|Bring Me The Horizon - Sempiternal|
Epitaph / RCA
Release Date: April 1, 2013
From the moment that the new album's lead single, "Shadow Moses," found its way online, the expectations for Sempiternal were shattered. The track shows the band regressing back to their pre-There Is A Hell days, feeling like little more than a lost B-Side from the Suicide Season sessions. The disappointment that met "Shadow Moses" seems minute when compared to the reaction to "Anti-Vist." "Middle fingers up, if you don't give a fuck!" leads the auditory assault, followed later by the dreaded "C-word" to wrap things up. Where "Shadow Moses" showed regression from a musical standpoint, "Anti-Vist" proved that the immense immaturity in Sykes' lyricism hadn't dissipated either.
Throughout Sempiternal, the band's fourth full length album, we see Bring Me The Horizon attempting to rein in the fans who had begun to shy away from their music while still trying to maintain their new found listeners. The end result is a messy, uneven album that's sure to be one of the year's biggest disappointments. There are scattered moments throughout Sempiternal where Bring Me The Horizon is still trying to build on the elements that made There Is A Hell the interesting album that it is, but holding together those bright spots is a mostly insufferable blend of songs that serve little purpose other than to incite "pit beef."
Tracks like "Can You Feel My Heart" and "And The Snake Starts To Sing" offer something of a logical "next step" from There Is A Hell, showcasing some of that experimentation and progression that inhabited the 2010 album. But for every song that seems memorable, there is something like "The House of Wolves" or "Anti-Vist" that shatters any momentum that Sempiternal might have been trying to build. Although Suicide Season had many faults, some of the song structures seemed slightly original or interesting, at least for their time. Sempiternal's tracks that mirror the Suicide Season sound don't share the same qualities that made the album such a hit in certain crowds. One part due to the unending recycling and regurgitation of the genre, the other to sheer lazy song writing, when Sempiternal isn't flat out bad ("Anti-Vist"), the songs are purely boring ("Empire (Let Them Sing)"), something that may be an even more egregious offense when it comes to heavy music.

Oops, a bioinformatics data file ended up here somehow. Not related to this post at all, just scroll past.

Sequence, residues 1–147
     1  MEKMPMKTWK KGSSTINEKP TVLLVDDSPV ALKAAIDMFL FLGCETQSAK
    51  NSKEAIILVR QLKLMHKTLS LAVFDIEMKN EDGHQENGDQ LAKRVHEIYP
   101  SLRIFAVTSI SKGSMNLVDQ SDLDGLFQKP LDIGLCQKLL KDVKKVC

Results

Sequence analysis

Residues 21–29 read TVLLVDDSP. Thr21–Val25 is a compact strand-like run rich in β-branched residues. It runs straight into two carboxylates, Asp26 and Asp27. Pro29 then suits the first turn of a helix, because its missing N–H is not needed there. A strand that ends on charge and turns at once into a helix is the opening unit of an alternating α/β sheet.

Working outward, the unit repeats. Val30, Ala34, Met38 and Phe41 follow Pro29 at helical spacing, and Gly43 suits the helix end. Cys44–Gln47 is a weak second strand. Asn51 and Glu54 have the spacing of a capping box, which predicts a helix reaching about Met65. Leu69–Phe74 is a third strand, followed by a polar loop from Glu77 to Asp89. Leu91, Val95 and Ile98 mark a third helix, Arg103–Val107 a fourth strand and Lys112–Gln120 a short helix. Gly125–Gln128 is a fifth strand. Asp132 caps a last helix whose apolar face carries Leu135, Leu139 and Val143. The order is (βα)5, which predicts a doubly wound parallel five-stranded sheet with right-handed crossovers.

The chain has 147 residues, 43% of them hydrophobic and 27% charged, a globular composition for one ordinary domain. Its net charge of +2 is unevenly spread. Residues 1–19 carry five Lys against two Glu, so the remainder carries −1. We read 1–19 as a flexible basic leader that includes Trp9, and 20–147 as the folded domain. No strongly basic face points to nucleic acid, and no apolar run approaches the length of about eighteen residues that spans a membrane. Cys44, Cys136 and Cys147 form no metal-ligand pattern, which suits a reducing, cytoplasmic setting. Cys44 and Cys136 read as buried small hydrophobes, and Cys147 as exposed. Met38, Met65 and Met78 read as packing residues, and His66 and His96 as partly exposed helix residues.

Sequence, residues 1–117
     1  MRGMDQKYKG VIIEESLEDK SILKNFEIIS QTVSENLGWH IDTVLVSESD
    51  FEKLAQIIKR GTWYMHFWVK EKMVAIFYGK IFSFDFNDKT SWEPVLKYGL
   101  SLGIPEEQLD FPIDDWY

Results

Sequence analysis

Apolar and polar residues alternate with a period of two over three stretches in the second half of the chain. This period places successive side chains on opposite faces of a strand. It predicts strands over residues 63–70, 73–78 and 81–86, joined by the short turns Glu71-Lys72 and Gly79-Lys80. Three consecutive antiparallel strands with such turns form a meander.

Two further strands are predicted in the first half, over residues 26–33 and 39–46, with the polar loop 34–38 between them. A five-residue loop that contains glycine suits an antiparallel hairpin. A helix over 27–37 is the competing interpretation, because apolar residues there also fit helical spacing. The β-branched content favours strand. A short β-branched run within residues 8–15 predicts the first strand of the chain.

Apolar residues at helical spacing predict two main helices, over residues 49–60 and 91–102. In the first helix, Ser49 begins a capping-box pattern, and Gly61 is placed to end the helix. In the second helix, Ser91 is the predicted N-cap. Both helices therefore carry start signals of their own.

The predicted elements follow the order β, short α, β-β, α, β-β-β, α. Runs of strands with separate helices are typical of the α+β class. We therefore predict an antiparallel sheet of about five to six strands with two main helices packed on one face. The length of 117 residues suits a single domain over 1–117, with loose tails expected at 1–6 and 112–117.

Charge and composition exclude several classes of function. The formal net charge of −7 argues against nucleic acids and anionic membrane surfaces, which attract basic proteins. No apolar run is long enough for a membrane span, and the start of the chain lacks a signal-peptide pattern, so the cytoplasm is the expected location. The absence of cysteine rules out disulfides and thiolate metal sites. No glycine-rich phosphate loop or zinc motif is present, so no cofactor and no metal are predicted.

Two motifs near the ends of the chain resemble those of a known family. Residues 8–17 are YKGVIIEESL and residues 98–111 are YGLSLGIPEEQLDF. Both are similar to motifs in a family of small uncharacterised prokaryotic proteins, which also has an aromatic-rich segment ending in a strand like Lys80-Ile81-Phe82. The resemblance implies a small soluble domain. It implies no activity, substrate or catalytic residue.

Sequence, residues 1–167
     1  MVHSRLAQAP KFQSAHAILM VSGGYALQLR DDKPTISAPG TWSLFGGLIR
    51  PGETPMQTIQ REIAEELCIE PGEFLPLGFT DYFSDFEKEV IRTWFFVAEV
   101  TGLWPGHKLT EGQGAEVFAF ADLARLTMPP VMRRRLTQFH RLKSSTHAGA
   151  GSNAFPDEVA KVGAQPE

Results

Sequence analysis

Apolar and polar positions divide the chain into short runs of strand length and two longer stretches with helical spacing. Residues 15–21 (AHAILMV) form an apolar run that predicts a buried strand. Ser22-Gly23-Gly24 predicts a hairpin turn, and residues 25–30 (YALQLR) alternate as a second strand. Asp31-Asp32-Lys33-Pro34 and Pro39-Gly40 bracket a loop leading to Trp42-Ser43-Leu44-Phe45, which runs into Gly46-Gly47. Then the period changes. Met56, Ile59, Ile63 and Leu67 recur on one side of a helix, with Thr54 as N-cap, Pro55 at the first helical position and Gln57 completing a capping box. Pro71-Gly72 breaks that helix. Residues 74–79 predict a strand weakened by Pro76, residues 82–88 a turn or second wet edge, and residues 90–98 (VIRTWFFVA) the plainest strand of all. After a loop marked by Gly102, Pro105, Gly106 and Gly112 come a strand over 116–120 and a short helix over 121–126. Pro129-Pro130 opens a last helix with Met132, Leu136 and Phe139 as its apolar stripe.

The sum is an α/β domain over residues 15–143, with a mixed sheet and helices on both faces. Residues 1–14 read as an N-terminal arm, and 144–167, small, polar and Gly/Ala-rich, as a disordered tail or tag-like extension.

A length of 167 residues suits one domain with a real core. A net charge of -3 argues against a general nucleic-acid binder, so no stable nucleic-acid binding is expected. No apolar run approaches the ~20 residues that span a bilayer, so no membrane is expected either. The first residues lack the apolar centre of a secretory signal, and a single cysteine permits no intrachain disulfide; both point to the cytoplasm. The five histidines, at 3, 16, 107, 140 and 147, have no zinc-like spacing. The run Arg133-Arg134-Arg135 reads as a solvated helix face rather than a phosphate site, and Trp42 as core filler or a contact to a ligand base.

For all the trash one must trudge through with Sempiternal, there are a few redeeming moments. Aside from the moments where the album sounds like There Is A Hell-lite, Sykes has truly improved himself as a vocalist, especially as a singer. Those guttural growls that filled Count Your Blessings are almost entirely gone, being replaced with a surprising amount of clean vocals. As a singer, Sykes sounds much more fragile than the egotistical confidence that lingers with his aggressive scream. Unfortunately, the moments where Sykes attempts to show off his new skill set, his backing musicianship doesn't lend itself to much benefit, notably on the band's effort to sound like metalcore's callback to 30 Seconds To Mars with album closer "Hospital For Souls."
Being only one album removed from There Is A Hell, it's difficult to tell if Sempiternal is simply wasted potential or if the former album was just dumb luck. Bring Me The Horizon have clearly proven they can make more than decent music, but Sempiternal makes the band seem less interested in writing good songs and more interested in bringing back those that fawned over the Suicide Silence era. Sempiternal not only fails to build on the shocking promise this band once showed, but it also showcases some of the laziest, least inventive song writing we've heard from Bring Me The Horizon since they were an unlistenable deathcore band in 2006. When the thoughts that stick the most are about how awful something like "Anti-Vist" is, instead of how the album should have showcased more of the scattered atmospheric and, more simply, interesting moments of the album, you've certainly got a dud on your hands. It will take at least one more album before it can be determined whether There Was A Hell was a one-off in the right direction or the shape of what might be to come, but for now, Sempiternal will be remembered as a soured return to the band's roots, if the album is even remember at all.